In relation to other public services, Telecare has been strongly supported by public authorities, as a high-quality, and cost-efficient method of providing support for elderly citizens, though the rate of investment inevitably has been restrained since 2008. In recent months, we are noting a resurgence however, as Telehealthcare often enjoys priority for public investment, due to its high cost efficiencies.
What benefits can remote assistance provide in the treatment of chronic illnesses and active aging?
Health systems were designed decades ago around providing medical support for acute conditions in direct physical proximity - you break a leg, you go to hospital, they fix it, and you go home. The world has changed, and today´s demand for medical support are now mainly for chronic conditions - diabetes, cardio-vascular, pulmonary. Chronic patients live at home, not in hospitals, and the conditions are mostly prevalent in old-age. Modern society requires solutions to provide continuous medical support outside of the primary and secondary care systems, in the home, with remote monitoring and adjustment of treatments, and new technologies such as bio-medical sensors with intelligent home-hubs and software allow us to offer precisely those solutions, which are not only of higher quality, they are more cost-efficient and save money.
In your opinion, what is necessary to assess and regulate telemonitoring solutions?
Telecare monitoring is already a well regulated market, both in terms of technology standards and service delivery. Going forward, as Europe increasingly switches attention to prevention, using new technologies and services arising from Big Data analysis, wearables, and proactive services, it will be important to apply continuity from quality and data privacy standards from established professional practice.
What role do the ECHAlliance ecosystems have in the development and deployment of digital health solutions?
Everyone acknowledges that health systems today have been designed around acute care and are misaligned with demand, which is for chronic care. For transformation to take place, as all change-management experts recommend, one has to demonstrate that the current situation is unacceptable, and to set out an alternative. This requires vision, determination, and effective communication, key characteristics of ECHAlliance leadership. Also, new models require combinations of diverse skill-sets, being medical, social, IT, managerial, logistics, public and private, SME´s, multi-nationals. The ECHAlliance ecosystems prove time and again a unique capacity not only to bring together actors in a single forum, but also to provide all partners with roadmaps to implement plans.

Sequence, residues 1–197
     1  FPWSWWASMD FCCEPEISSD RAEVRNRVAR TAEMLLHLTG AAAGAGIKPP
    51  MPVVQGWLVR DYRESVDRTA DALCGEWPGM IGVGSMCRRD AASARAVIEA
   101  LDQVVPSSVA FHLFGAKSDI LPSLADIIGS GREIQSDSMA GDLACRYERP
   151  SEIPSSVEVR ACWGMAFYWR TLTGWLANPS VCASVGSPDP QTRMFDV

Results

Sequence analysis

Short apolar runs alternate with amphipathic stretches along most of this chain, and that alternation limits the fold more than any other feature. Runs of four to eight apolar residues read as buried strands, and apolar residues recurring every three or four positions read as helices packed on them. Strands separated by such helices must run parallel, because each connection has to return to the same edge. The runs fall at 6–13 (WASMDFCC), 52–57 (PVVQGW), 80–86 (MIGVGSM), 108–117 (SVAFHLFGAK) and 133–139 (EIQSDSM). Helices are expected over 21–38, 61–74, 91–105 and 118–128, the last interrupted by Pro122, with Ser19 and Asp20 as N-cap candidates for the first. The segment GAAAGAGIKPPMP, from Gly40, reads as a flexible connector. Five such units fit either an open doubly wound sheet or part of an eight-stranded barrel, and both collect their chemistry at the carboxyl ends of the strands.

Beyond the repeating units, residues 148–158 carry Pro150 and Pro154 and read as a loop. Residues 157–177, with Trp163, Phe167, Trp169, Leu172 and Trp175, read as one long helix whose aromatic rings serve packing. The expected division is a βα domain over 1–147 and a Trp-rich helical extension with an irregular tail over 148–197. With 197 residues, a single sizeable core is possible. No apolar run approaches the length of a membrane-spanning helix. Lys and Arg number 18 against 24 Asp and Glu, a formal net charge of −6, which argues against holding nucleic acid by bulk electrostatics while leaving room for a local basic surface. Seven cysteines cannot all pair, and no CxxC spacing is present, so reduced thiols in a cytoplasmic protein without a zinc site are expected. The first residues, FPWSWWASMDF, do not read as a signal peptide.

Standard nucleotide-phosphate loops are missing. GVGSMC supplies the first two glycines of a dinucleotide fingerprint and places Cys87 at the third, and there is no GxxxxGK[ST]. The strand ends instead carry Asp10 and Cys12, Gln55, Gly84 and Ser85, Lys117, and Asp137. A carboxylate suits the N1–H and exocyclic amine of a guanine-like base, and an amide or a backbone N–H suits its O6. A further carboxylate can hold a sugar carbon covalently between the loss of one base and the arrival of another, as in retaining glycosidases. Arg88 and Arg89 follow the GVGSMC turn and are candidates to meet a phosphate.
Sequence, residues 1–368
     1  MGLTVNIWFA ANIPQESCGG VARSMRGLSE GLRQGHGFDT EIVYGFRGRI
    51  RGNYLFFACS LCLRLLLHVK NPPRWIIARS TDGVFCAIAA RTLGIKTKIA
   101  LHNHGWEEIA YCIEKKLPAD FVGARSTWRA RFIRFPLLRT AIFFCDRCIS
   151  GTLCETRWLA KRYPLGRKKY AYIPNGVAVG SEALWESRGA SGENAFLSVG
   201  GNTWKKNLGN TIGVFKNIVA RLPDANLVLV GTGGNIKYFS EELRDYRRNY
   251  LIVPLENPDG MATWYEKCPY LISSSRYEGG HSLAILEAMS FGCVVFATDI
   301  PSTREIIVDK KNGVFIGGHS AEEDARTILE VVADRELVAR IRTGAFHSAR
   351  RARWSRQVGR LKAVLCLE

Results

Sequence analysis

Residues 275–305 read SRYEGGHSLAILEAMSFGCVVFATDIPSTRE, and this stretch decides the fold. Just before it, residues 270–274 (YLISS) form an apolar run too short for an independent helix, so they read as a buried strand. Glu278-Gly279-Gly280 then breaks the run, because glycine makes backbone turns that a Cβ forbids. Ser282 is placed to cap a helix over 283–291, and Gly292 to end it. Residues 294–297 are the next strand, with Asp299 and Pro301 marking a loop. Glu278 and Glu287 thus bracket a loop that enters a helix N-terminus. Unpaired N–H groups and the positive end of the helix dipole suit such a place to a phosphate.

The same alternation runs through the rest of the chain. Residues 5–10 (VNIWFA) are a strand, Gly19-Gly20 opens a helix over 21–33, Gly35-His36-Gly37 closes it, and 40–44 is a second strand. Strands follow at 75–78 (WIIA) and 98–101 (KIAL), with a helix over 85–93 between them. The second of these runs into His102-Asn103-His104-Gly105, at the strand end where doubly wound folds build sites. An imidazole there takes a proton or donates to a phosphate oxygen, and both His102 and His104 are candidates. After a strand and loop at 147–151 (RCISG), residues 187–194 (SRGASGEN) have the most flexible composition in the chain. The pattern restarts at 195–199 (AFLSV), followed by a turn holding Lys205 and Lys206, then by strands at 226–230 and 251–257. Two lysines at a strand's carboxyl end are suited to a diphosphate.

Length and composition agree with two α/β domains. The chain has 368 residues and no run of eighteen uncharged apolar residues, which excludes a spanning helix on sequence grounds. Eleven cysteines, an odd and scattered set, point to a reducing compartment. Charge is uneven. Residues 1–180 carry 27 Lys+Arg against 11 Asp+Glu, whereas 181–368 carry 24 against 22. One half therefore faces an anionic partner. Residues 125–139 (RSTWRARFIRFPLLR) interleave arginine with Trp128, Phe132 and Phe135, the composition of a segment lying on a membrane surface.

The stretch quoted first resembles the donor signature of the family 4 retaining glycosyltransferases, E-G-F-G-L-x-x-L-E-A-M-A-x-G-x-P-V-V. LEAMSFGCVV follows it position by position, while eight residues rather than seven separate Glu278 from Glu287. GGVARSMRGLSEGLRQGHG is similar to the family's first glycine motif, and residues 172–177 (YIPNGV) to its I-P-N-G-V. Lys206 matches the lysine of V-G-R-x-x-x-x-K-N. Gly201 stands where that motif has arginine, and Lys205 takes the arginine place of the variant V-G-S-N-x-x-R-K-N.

You have said that healthcare and social care are in the process of converging. Do you think it is necessary a better coordination of these two areas?
Not so much necessary as inevitable! The traditional societal models based on independent health and social care systems which have grown organically around Europe since the Second World War are no longer economically viable. Public finances cannot match demand inflation into double figures for health and social care, and there are limits to efficiency savings within existing models, societies will be forced to change. There are great resistances - both from the supply and the demand side – to system change, but we are already working with pioneering health and social care leaders to set up what we believe will be the future models. It is an exciting and passionate journey, and we consider Mobile World Congress, European Connected Health Alliance, and Smart Health to be important catalysts in the process!
By Jose L. Cánovas